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The Extended Phenotype: The Long Reach of the Gene (Popular Science) Paperback – 4 Mar 1999
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The Extended Phenotype is a sequel to The Selfish Gene ... he writes so clearly it could be understood by anyone prepared to make the effort (John Maynard Smith, LRB)
This entertaining and thought-provoking book is an excellent illustration of why the study of evolution is in such an exciting ferment these days. (Science)
Voted 'Author of the Year' at the Galaxy British Book Awards 2007See all Product Description
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Top Customer Reviews
This book was marketed as the sequel to The Selfish Gene, and chronologically it certainly was. However, the book is far more scholarly in its approach and for that reason is different in tone from Dawkins' other major works. Dawkins states at the outset that he is writing primarily for the professional biologist, but that anyone who makes the effort may understand and enjoy the work (I paraphrase).
This is true. With occasional reference to the helpful and educational glossary provided at the back of the book, I found it easy to make progress, to enjoy and to follow the arguments presented. I highly recommend this to all professionals, and to all others who may have read Dawkins' other works and feel ready to go deeper.
This book follows on from "The Selfish Gene" and in it, Dawkins argues that the phonotypic effects of genes do not stop at the limits of the organisms that carry them. He suggests, for example, that the phenotypic expression of beaver genes stretch right to the edges of the lakes formed by their dams and the genes of some parasites are expressed in their hosts. So a snail might behave in a manner that puts itself in harm's way because the fluke living inside it has, somehow, managed to modify the snail's behaviour for its own ends - say to continue its life cycle inside one of the snail's predators. That is to say, the snail's behaviour is maximizing the survival of fluke genes rather than snail genes.Read more ›
This is a really good treatment of that subject - you are unlikely to find any better.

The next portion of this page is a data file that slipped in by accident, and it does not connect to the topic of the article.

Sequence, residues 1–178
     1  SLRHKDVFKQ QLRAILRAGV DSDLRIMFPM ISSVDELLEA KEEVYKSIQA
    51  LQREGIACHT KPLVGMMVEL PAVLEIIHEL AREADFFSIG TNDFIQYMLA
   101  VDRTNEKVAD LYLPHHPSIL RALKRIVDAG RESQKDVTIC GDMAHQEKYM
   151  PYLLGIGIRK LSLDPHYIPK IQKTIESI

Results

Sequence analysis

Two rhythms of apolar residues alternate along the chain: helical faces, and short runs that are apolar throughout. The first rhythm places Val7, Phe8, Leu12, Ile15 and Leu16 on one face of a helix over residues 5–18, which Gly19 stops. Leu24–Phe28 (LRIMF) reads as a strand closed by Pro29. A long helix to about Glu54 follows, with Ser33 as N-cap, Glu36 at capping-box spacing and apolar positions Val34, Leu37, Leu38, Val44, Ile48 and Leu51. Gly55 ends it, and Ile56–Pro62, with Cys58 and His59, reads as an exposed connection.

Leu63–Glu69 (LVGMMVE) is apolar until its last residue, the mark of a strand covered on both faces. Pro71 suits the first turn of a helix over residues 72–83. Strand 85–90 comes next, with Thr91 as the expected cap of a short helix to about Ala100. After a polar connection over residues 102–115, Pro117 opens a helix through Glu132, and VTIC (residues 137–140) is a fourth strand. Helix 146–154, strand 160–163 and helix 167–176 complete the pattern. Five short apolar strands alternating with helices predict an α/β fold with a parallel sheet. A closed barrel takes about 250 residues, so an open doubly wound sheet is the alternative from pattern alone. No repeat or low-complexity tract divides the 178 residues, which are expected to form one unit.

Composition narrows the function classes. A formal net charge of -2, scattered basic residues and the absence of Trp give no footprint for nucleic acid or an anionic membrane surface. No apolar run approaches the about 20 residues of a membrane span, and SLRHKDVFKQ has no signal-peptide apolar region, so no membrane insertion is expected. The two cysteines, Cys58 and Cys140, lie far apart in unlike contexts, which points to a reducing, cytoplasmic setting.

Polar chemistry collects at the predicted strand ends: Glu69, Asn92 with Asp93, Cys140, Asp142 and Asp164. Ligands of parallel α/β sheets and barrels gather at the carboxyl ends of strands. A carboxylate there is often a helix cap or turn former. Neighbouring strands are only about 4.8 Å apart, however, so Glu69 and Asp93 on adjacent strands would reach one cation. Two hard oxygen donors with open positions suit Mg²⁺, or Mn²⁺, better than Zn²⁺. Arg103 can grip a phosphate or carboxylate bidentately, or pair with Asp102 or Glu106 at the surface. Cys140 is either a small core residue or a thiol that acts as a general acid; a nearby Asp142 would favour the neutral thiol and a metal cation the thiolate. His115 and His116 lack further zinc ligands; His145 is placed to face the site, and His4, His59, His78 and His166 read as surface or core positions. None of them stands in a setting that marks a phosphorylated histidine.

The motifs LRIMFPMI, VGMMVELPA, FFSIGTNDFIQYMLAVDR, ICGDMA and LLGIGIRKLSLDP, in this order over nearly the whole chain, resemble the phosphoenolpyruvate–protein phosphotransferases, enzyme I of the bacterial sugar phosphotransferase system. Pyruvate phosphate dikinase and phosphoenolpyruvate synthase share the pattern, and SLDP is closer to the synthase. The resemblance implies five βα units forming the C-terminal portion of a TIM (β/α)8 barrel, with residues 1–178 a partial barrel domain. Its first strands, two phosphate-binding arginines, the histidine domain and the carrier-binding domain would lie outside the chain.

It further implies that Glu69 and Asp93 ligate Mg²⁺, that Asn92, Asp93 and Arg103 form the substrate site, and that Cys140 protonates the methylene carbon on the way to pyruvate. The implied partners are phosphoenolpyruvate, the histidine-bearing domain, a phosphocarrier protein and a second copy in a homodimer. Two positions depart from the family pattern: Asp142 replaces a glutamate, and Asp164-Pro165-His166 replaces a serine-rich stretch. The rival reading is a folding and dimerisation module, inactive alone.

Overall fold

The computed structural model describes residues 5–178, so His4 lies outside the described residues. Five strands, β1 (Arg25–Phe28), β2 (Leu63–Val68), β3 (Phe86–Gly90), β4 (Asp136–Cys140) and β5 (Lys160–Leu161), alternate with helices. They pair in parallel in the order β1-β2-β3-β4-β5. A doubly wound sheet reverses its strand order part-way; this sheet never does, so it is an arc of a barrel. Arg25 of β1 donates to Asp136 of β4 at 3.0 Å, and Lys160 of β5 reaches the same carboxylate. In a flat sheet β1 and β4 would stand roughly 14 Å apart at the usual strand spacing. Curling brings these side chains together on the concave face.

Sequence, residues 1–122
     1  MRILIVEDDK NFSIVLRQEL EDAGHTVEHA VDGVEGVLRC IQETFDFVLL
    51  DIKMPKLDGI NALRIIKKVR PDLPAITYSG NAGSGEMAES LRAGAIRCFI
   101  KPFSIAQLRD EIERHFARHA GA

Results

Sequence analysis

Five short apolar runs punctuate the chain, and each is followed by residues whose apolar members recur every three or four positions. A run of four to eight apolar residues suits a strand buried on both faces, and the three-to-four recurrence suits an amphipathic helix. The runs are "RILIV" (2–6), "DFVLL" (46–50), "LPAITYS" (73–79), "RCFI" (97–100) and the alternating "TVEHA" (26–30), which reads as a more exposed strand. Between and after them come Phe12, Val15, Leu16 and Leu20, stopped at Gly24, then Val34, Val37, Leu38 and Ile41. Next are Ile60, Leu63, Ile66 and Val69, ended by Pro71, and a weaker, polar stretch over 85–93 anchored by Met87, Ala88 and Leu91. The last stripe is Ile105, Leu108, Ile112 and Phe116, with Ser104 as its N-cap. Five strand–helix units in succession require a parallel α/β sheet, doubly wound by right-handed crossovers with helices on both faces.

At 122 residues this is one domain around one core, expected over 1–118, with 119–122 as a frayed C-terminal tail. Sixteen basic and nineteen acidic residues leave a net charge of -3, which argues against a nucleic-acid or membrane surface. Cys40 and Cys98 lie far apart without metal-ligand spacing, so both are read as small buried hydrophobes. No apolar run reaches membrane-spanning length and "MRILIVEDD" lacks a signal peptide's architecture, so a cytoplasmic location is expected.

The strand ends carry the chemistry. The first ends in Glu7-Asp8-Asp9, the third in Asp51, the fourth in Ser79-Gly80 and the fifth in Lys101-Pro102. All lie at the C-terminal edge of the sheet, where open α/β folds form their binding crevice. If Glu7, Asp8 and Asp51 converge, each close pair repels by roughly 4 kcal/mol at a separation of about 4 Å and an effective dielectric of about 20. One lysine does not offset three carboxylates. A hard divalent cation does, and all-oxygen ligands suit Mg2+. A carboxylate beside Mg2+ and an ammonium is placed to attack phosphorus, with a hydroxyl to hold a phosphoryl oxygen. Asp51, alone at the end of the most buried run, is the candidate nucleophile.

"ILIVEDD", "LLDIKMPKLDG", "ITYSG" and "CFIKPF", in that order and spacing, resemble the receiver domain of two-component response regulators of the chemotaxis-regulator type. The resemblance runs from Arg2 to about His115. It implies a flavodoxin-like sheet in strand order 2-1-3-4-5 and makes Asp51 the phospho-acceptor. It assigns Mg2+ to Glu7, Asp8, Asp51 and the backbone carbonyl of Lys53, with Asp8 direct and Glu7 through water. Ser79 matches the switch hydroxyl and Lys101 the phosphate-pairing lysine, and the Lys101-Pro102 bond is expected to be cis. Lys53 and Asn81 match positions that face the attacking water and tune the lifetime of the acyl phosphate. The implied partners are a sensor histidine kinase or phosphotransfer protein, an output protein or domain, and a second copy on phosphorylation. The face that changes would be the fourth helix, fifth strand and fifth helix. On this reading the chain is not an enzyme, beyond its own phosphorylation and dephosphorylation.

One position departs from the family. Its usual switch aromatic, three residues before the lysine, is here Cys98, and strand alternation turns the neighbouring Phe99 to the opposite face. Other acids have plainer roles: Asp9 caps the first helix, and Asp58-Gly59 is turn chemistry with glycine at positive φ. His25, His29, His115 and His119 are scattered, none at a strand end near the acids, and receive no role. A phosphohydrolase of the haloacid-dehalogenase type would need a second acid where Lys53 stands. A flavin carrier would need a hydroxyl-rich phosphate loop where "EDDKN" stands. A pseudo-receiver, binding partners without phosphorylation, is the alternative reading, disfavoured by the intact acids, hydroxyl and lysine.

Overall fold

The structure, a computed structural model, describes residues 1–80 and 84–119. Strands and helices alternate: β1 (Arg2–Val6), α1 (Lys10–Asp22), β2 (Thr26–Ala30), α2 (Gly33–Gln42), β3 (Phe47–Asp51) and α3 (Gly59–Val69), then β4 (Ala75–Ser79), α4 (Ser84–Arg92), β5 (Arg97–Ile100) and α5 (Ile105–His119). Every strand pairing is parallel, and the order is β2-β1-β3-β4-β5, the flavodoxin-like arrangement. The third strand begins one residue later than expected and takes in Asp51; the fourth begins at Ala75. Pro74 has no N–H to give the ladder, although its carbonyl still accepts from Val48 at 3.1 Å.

Dawkins, unlike other science writers, is forthright in declaring his advocacy in writing this book. It's a refreshing start to his most serious effort. After publication of The Selfish Gene led to a storm of fatuous criticism, Extended Phenotype comes in response with more detail of how the gene manifests itself in the organism and its environment. It's clear that Dawkins' critics, who label him an "Ultra-Darwinist" [whatever that is] haven't read this book. His critics frequently argue that The Selfish Gene doesn't operate in a vacuum, but must deal within some kind of environment, from an individual cell to global scenarios. Dawkins deftly responds to critics in describing how genes rely on their environment for successful replication. If the replication doesn't survive in the environment it finds itself, then it, and perhaps its species, will die out.
The child's favourite question, "why" is difficult enough for parents and teachers to answer. Yet, as thinking humans we've become trained to deal with that question nearly every context. So well drilled that we consider something for which that question has no answer to be suspicious if not insidious. Part of Dawkins presentation here reiterates that there is no "why" to either the process of evolution nor its results.Read more ›
Most Recent Customer Reviews
Arrived very quick! book helped with University assignment and some good references on genetic behaviours and ethology. Good seller.Published 9 months ago by mediamiss
In this fascinating and wonderfully written volume, Dawkins disects and examines the long reach of the gene and looks at the subtle ways in which the behaviour of one species can... Read morePublished 15 months ago by Daryle Watson
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